2 teaspoons chopped fresh thyme leaves
2 teaspoons kosher salt
1/4 teaspoon freshly ground black pepper
1 tablespoon good red wine vinegar

1. Heat the oil in a large saucepan. Add the onions and the carrots and cook over medium-low heat for 8 to 10 minutes, until the onions start to brown. Stir occasionally with a wooden spoon. Add the garlic and cook for one minute more.
2. Meanwhile, place the canned plum tomatoes, including the juice, in the bowl of a food processor fitted with a steel blade and pulse several times until the tomatoes are coarsely chopped. Rinse and pick over the lentils to make sure there are no stones in the package.
3. Add the tomatoes, lentils, broth, curry powder, thyme, salt and pepper to the pan. Raise the heat to bring to a boil, then lower the heat and simmer covered for about 40 minutes, until the lentils are tender. Check occasionally to be sure the liquid is still simmering. Remove from the heat and allow the lentils to sit covered for another 10 minutes. Add the vinegar, season to taste and serve hot.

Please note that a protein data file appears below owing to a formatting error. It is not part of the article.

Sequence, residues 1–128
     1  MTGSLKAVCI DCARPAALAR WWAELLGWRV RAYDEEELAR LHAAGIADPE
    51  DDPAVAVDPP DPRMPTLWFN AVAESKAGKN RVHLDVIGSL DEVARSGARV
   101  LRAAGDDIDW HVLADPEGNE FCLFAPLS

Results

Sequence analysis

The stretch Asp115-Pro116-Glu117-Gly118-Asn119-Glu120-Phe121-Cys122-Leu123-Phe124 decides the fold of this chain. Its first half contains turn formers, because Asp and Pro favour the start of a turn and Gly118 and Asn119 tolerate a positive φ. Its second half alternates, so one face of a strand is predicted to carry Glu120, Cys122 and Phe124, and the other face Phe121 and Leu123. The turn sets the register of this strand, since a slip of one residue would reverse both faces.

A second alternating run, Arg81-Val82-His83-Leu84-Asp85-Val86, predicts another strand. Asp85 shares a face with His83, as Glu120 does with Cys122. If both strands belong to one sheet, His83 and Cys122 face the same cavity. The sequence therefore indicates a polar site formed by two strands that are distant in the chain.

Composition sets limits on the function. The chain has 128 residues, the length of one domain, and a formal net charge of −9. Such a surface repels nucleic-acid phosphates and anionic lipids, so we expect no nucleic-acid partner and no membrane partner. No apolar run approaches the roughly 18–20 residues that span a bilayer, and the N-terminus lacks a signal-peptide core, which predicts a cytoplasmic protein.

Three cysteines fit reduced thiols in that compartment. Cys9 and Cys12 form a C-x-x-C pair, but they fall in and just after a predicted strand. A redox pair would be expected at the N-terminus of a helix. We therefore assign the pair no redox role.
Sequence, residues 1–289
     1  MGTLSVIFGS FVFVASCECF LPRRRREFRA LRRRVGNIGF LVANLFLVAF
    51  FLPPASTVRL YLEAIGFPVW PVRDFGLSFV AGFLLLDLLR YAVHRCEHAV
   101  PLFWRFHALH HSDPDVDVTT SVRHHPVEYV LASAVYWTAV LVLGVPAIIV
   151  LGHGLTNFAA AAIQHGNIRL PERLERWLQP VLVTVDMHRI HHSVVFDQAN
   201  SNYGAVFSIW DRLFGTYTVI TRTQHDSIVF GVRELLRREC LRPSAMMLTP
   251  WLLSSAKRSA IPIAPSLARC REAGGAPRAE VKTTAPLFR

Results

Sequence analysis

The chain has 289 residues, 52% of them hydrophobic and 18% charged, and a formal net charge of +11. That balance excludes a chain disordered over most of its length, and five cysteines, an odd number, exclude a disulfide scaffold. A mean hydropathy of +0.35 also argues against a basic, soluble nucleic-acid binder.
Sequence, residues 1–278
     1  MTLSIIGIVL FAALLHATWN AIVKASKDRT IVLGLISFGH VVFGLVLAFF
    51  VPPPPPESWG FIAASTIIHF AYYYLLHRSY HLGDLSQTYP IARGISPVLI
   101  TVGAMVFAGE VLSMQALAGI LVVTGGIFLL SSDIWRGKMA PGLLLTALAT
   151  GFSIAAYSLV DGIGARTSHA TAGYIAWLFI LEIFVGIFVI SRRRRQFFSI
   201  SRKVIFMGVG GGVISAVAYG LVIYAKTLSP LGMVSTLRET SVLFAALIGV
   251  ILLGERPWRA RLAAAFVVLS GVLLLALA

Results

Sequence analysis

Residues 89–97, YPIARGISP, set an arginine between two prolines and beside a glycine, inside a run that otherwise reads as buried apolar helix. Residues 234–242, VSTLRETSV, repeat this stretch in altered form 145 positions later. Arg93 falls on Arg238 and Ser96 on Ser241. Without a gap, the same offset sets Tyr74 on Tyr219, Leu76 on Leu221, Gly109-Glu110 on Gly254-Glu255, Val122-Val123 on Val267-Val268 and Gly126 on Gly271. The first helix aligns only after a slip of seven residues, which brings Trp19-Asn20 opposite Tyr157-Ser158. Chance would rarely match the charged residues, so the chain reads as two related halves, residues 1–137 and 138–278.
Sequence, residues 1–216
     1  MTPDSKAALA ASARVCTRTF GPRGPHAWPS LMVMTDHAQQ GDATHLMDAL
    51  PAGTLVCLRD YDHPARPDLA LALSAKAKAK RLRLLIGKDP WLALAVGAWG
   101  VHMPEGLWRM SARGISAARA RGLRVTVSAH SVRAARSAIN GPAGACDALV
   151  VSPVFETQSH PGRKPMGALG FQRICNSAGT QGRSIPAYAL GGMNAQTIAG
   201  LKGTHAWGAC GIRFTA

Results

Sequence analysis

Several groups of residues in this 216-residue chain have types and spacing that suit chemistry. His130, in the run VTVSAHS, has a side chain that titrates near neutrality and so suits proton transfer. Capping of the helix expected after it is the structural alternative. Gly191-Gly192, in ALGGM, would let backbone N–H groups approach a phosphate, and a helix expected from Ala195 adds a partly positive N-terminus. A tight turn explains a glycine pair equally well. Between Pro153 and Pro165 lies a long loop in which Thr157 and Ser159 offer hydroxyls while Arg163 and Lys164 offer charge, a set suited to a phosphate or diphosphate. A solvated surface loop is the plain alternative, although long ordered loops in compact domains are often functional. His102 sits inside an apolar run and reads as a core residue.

Sunday, December 6, 2009

Egg Drop

I was never big on eggs for breakfast before I moved to Montreal, but now that I've been here a while, I can safely say I'm fully hooked.  The brunch choices here on the weekends are amazing ... whether it's feta omelets at Byblos, fancier eggs at Resevoir, or just a skillet full of delicious saltiness at Cartet.  With no brunch plans for the weekend, I decided I should take my own stab at a gourmet (but easy!) breakfast.  Kayotic Kitchen gave me some inspiration, but I didn't have fresh tomatoes on hand and I certainly didn't want to have to use a skillet in addition to the oven dish!  Additionally, since when is breakfast one egg per person, Kay?

No measurements below because I just eyeballed it.  I put all of this is a little 16 oz baking dish and it was the perfect breakfast for one.

Need a vegetarian twist?  Substitute sun-dried tomatoes for the meat and add ricotta salata to the mix.

Egg Drop (inspired by Kayotic Kitchen)


a few slices of prosciutto
grated cheese (I had leftover smoked grueyere and used that)
2 eggs
salt and pepper to taste

1. Preheat oven to 350F.
2. Cover the bottom of a small baking dish with arugula.
3. Tear/chop prosciutto into strips and layer on top of arugula.
4. Top with a little bit of grated cheese.
5. Crack two eggs on top of the cheese.  If the yolk doesn't break, break it yourself, but don't mix up the egg.
6. Bake in preheated over for 15 minutes or until the egg whites are firm.
7. Sprinkle with salt and pepper to taste.